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This picture shows Paul and I on the lookout with the hydro station at the bottom of the Cataract Gorge. In the background are workers houses built a century ago.
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There were some magnificent photo opportunities driving back down to Launceston.

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We had planned to leave in the morning but have decided to stay one more day. On Monday morning we will travel north east to Scottsdale and then north to Bridport. Our first camp will be at Waterhouse Point Camping Area about 40km north east of Bridport in the Waterhouse Conservation Area. We plan to stop for three days before heading for Cape Naturaliste south of Musselroe Point on the north east coast of Tasmania.

Posted by Kangatraveller 22:07 Comments (0)

Week 3-LAKES ENTRANCE to MELBOURNE

Gippsland to Wilson's Promontory and Phillip Island to Melbourne

SUNDAY
Time to move on to the other side of the Gippsland Lakes to Paynesville. We had mapped out the next week that would have taken us to Melbourne via the Yarra Valley. however, with a bit more reading we decided to travel through Sale to Wilson's Promontory and then to Phillip Island. We plan to be in Melbourne on Thursday to have two days at Ashley Gardens Big 4 Caravan Park. We depart on the Spirit of Tasmania on Saturday night.

Our first stop was Paynesville which is across on the western side of the lakes.

Black swan at Paynesville

Black swan at Paynesville


Paynesville (2)

Paynesville (2)


Paynesville

Paynesville

We arrived with the rain so decided to do our washing at a laundromat, then have fish and chips and a coffee at a very fine bakery with a well patronised fish shop beside it. After lunch, we thought we would move on as the rain had really set in. We headed for Sale and set up camp at the Sale Showgrounds.

MONDAY

This morning we travelled on the South Gippsland Highway through many quaint dairy farming and grazing towns to Wilsons Promontory. The Wilsons Promontory National Park is the second most visited in Victoria. People have to enter a ballot in peak seasons for camping spots and cabins. The park caters very well for school groups, hikers and campers. Tidal River is the main Visitor Centre and also provides access to Norman Beach. Here are some photos of the area.

Road view into Wilsons Promontory National Park (6)

Road view into Wilsons Promontory National Park (6)


Tidal River, Wilsons Promontory (2)

Tidal River, Wilsons Promontory (2)


Tidal River, Wilsons Promontory

Tidal River, Wilsons Promontory


Norman Beach, Tidal River, Wilsons Promontory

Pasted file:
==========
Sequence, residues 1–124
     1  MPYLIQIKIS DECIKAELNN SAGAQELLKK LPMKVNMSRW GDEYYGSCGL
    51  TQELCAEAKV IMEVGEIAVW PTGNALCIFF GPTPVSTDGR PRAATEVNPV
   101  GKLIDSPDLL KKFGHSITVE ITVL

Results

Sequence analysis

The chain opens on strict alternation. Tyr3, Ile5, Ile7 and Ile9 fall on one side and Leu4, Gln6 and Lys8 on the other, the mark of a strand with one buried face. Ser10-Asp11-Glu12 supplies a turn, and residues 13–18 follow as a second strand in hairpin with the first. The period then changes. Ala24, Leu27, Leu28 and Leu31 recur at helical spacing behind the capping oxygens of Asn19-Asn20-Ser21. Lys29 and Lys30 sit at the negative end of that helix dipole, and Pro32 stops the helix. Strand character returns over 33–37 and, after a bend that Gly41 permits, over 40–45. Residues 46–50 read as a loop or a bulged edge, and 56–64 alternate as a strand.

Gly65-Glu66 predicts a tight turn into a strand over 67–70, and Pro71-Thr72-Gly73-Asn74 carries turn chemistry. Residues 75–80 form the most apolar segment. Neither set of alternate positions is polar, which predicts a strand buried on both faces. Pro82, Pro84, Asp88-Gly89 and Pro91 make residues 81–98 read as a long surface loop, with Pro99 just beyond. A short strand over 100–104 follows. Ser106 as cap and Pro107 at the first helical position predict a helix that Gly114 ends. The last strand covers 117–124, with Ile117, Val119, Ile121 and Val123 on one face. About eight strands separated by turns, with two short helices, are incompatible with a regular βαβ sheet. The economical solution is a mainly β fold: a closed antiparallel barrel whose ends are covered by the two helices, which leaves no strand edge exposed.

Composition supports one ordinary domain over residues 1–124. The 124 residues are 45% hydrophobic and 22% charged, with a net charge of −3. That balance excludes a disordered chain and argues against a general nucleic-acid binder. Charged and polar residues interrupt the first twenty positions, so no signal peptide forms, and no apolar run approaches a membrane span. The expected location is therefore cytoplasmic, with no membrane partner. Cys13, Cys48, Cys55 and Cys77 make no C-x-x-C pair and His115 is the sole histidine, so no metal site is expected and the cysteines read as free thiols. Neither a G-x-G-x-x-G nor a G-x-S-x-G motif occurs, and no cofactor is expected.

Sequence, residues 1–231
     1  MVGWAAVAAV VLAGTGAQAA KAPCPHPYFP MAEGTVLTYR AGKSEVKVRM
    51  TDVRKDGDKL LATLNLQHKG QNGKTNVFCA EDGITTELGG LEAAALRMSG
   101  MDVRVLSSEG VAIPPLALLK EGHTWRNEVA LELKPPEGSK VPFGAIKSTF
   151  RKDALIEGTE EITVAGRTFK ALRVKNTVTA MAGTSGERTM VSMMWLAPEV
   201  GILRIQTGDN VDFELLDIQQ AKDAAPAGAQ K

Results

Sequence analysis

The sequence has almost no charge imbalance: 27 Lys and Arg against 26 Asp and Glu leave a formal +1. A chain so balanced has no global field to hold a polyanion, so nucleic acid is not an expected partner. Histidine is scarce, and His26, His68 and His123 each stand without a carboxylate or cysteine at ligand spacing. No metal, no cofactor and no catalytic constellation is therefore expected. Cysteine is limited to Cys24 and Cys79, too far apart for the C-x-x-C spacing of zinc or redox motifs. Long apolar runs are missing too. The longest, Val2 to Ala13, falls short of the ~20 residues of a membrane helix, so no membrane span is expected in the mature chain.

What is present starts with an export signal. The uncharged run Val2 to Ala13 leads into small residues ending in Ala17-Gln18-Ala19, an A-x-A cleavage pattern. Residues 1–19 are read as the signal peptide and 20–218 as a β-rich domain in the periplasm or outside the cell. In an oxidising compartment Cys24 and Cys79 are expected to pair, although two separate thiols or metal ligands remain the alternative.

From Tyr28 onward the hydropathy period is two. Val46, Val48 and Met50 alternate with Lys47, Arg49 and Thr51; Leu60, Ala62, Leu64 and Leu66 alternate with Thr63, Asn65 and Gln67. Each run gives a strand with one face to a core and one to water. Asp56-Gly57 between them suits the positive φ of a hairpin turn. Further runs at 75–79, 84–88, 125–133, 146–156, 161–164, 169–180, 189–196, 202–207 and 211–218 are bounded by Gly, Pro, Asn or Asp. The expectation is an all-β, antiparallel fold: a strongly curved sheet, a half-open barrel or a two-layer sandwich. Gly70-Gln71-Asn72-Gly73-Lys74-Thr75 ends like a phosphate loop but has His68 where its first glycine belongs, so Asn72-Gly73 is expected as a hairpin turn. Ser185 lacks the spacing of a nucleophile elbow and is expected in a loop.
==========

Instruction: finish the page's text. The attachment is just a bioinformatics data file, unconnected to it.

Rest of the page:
Norman Beach, Tidal River, Wilsons Promontory


Norman Beach, Tidal River, Wilsons Promontory (2)

Norman Beach, Tidal River, Wilsons Promontory (2)


Australian Commandos Memorial at Tidal River, Wilsons Promontory

Australian Commandos Memorial at Tidal River, Wilsons Promontory

We stopped at Squeaky Beach for lunch. One of the Prom's iconic locations, the rounded grains of quartz make a 'squeak' when walked on.

Squeaky Beach, Wilsons Promontory (8)

Squeaky Beach, Wilsons Promontory (8)


Squeaky Beach, Tidal River, Wilsons Promontor (7)

Squeaky Beach, Tidal River, Wilsons Promontor (7)


Squeaky Beach, Tidal River, Wilsons Promontory

Squeaky Beach, Tidal River, Wilsons Promontory


Squeaky Beach (3)

Squeaky Beach (3)

The 30km drive in to Tidal River has quite a lot of wildlife close to the road. We saw a koala, kangaroos, emus and an abundance of birds.

Large Emu near Darby River, Wilsons Promontory

Large Emu near Darby River, Wilsons Promontory

There were some amazing views from Glennie Lookout and from the beaches towards Mt Oberon.
View from Glennie Lookout, Wilsons Promontory (5)

View from Glennie Lookout, Wilsons Promontory (5)


Panorama view from Glennie Lookout, Wilsons Promontory

Panorama view from Glennie Lookout, Wilsons Promontory

Mt Oberon,  Tidal River, Wilsons Promontory (2)

Mt Oberon, Tidal River, Wilsons Promontory (2)


Mt Oberon, Wilsons Promontory (2)

Mt Oberon, Wilsons Promontory (2)

TUESDAY
We arrived at the Big 4 Phillip Island Caravan Park early and booked in and set up. The main town on the island is Cowes, a very lovely little community. We had lunch and a wander down the main street. At dusk we set off for the Penguin Parade. We are not that into animals especially zoos, but we both enjoyed seeing the Little Penguins come ashore. The best part was seeing them walk alongside the boardwalk on their way to their burrows. Phillip Island’s Penguin Parade is the only commercial venue in the world where you can see penguins in their own environment.